Ad writers hear it every day, whistling toward them like a bullet: “We need more traffic, that’s what we need; more sales opportunities!”
I spent the early part of my radio career stepping up to the plate and knocking that fastball out of the park. If your back was against the wall, I was the man to call.
I was like Coca-Cola, baby, I was everywhere.
It was the early 1980s.
My employer required me to wear a tie, so I hung one around my neck like a scarf. And to underscore my scruffy renegade look, I refused to tie my shoes. Everywhere I went, people would tell me, “Your shoes are untied,” and I would reply with a smile, “Yeah, I know.”
I looked like a young drug dealer, and in a way, I was.
I sold instant gratification advertising. “You want a crowd? Crowds cost money. How big a crowd do you want?”
It’s actually pretty easy to attract a worked-up crowd. Do you want to know how to do it?
These are the ingredients you must have at hand
To Make Big Things Happen Fast:
1. Urgency – There has to be a shortage of time or a shortage of quantity. The rule to remember is this: “No shortage, no urgency.” The best shortage is to have a limited number of a highly desirable item at a remarkable price. This is the time-tested formula that causes people to camp out on the sidewalk in front of Wal-Mart before the doors open the day after Thanksgiving.
If the number of 82-inch TVs available for $999 is too few, people will say, “I don’t have a chance,” and stay home. But if the number is too many, no one will get excited because “there’s enough to go around.” So you definitely need to name a number. “While supplies last,” is a line that only a beginner would write. The customer hears that and thinks, “They only had one of those and they sold it before this radio ad ever hit the airwaves.” Result: no response.
2. Credible Desperation – If you scream, “400 Toyotas MUST be sold this weekend! No reasonable offer refused!” you’ve got no credibility. The listener thinks, “WHY do you have to sell 400? What happens if you don’t? And what you consider to be ‘a reasonable offer’ is probably a lot more money than what I consider to be a reasonable offer, so I’m going to pass. I’ve got better things to do this weekend than haggle with a jackass car dealer.”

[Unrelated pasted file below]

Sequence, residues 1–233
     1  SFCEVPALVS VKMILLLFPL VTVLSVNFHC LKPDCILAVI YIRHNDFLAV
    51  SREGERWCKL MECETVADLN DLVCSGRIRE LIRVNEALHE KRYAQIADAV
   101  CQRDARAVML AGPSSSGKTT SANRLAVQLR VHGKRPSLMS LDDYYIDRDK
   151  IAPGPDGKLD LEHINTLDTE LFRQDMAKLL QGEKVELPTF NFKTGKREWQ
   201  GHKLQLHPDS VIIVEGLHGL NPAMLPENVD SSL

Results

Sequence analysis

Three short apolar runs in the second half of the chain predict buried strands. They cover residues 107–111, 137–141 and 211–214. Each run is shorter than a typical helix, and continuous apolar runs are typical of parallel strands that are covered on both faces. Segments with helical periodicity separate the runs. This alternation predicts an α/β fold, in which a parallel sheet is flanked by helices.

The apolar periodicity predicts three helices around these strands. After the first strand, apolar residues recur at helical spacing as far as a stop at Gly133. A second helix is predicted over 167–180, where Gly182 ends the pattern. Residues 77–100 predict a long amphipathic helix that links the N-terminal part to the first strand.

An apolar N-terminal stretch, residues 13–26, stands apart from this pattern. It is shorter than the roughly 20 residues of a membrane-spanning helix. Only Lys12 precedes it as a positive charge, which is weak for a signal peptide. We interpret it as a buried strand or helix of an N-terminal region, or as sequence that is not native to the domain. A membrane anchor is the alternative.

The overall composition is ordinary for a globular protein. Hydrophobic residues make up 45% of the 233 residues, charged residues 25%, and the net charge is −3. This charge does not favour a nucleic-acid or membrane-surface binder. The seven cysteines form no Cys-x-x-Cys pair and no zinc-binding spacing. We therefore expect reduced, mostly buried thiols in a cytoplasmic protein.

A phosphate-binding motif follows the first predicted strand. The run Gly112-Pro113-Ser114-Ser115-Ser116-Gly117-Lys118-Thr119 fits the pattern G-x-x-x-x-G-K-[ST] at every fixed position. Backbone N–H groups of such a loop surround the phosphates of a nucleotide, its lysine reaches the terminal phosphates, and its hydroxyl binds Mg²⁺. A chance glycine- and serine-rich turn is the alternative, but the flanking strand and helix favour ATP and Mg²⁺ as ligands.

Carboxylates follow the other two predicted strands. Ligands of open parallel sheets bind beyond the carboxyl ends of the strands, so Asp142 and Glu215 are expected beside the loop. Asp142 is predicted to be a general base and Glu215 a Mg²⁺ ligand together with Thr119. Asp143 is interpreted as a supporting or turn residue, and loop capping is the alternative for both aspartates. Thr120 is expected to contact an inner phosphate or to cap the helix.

Desperation loses credibility as time passes. That’s why these ads work less and less well the longer you use them.
“Lost our lease, everything must go,” is another line that only a beginner would write. Specifics are more believable than generalities.
Do you want to make your desperation credible? Do you want stuff to fly out the door? Say, “We’ve been thrown out! Our landlord rented our space to someone else and a dump truck will be here at 8AM on Monday, January 7th to haul away everything we leave behind….”
3. Specifics – “…so we’re liquidating the entire inventory, every item in every department. We’re selling the showcases, the light fixtures and the cash registers. And if you can figure out how to get the wallpaper off the wall, we’ll sell you that, too. Call your friend with a pickup truck because you’re going to leave here with an ecstatic truckload of once-in-a-lifetime bargains. An $800 kayak is $179. Perfume that sells for $200 a bottle is yours for just $20. Diamond pendants worth a thousand dollars are just $129. A dozen doughnuts, made fresh while you wait, are just ONE DOLLAR and you can eat them while you’re shopping. So cancel what you had planned and get here as quick as you can.”
4. Repetition – Nothing says “urgent news” like an ad that runs twice an hour for 72 hours. If a radio station will let you air only one ad an hour, then make sure it’s a 60-second ad. If a station has a policy that allows you to air only 3 ads every 4 hours, then buy a different station. Whatever you do, don’t air your supposedly “BIG” announcement with too little repetition. Did you read the part where I tried to make it clear that one spot per hour, 24 hours a day, was a MINIMUM schedule? I meant that.
Month after month I sold urgent, high-impact schedules to business owners who licked their lips as they shook my hand.
It wasn’t long before I was visiting twitching, crowd-addicted business owners who looked at me with hard, glittering eyes and a facial tic as they said, “Just like last time, but even better, okay? Even better. That’s what I want. Do whatever you have to do, just bring the people in.”
High-frequency radio schedules and high-impact ad copy are the opioids of advertising. They’ll take away your pain, but when you come down from your high, you’re just a dark-eyed addict in an empty room. So you call the guy with the untied shoes again. But each schedule works a little less well than the one before until, finally, you have destroyed the health of your business.
Do I still write high-impact ads and air them round-the-clock? Of course I do. Opioids exist for a reason. When the pain of an unforeseen business catastrophe is overwhelming and you have no option but to blow the trumpet and bang the drum, you do what you have to do and then deal with the ravages of addiction when it’s over.
But it’s a long and painful recovery. And the thing you want more than life itself is to blow that trumpet and bang that drum one more time.
So now you know How to Make Big Things Happen Fast.
You just have to decide whether or not you want to.
Roy H. Williams